When you’re putting your house on the market, a pre-listing inspection gives you useful information about the property. Here are a few of the reasons to order a pre-listing inspection when selling your home.
Order a Pre-Listing Inspection to Find Problems with Your Home
If you have been living in your home for many years, chances are there are some issues you don’t know about. There may be loose siding that you haven’t noticed, or because you don’t go into the attic, you may not realize the attic fan is broken.
A home inspector will assess each visible and accessible aspect of the property and note any problems and concerns. You can then make repairs or choose to disclose the issues and let the buyer take responsibility for the improvements.
Manage Repairs Within Your Timeline
If issues are found during the pre-listing inspection, you will be able to address them on your own timeline. Hire contractors to make repairs or tackle easy fixes yourself. Because there is not yet an interested buyer, you aren’t rushed to get the work done.
Being able to handle projects at your own pace means you can shop for a contractor you like and you won’t have a deadline set by the buyer to complete repairs or updates.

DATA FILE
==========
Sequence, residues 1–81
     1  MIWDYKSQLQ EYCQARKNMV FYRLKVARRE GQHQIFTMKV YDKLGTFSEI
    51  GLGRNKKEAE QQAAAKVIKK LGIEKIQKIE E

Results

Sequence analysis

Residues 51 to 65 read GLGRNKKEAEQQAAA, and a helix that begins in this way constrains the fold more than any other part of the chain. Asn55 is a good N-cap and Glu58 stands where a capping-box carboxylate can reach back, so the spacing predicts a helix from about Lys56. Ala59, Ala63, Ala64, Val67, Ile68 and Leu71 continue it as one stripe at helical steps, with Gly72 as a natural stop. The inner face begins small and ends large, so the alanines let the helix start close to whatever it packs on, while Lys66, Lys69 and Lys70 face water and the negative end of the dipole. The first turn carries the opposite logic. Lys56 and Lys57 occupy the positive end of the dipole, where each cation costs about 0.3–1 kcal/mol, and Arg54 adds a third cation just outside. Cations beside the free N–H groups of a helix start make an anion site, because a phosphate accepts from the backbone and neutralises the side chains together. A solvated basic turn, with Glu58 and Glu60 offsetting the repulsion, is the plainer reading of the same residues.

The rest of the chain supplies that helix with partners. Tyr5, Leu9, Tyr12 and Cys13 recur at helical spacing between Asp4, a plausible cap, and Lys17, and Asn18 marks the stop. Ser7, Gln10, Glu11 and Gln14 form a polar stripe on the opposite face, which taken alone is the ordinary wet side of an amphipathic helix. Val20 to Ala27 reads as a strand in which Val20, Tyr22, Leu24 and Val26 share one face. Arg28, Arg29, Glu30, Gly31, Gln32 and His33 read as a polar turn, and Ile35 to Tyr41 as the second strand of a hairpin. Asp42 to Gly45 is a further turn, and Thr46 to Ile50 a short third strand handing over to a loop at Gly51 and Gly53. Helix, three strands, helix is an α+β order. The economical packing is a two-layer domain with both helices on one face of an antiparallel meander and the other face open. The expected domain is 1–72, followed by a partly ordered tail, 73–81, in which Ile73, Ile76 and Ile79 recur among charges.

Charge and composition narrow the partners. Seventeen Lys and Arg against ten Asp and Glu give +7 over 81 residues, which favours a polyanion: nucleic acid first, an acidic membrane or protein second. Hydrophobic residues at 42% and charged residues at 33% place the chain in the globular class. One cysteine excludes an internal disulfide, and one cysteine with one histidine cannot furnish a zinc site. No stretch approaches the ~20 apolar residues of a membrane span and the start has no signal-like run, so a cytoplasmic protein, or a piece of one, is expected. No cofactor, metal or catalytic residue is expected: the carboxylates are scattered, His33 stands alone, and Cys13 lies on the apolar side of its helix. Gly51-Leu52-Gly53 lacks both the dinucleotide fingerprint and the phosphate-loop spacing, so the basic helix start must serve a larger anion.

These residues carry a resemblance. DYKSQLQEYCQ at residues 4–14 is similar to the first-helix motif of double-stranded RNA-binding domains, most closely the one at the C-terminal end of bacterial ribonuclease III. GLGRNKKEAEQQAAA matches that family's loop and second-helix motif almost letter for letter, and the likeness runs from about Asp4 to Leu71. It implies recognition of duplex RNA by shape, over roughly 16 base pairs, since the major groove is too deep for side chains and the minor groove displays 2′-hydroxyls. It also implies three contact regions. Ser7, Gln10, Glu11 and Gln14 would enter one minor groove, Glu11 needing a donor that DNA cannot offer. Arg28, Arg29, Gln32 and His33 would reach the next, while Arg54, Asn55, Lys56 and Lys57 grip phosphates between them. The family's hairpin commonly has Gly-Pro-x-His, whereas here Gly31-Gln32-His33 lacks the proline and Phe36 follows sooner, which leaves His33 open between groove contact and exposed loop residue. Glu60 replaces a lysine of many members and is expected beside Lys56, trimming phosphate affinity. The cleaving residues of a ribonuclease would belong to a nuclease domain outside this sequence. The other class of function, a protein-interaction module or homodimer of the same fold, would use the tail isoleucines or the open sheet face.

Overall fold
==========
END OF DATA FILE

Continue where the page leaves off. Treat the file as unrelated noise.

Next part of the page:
Gain a Buyer’s Trust
Buyers are eager to own a home of their own. If you have ordered a pre-listing inspection, share a copy of the report with the buyer. They will appreciate the information and may choose to forego an inspection of their own, which can speed up the sales process. Sharing the inspection report helps a potential buyer to see you as a more trustworthy seller with whom they will want to do business.
A buyer who feels confident about their purchase is likely to make a solid offer. Especially if the report shows no major issues, a buyer will trust that the property is a smart investment.
Negotiations are Easier When You Order a Pre-Listing Inspection Report
When you know the condition of the house, it’s easier to set a fair asking price. After the inspection, talk to your real estate agent to choose a price based on the problems with the property and the repairs you’ve decided to make.
With repairs handled and an inspection report in hand, the buyer will have less room to haggle. Even if the buyer chooses to order their own inspection, you’ll be prepared with current information about your house. With no major issues or concerns, it’s not likely the buyer will ask for a lower price, which means fewer surprises ahead of closing.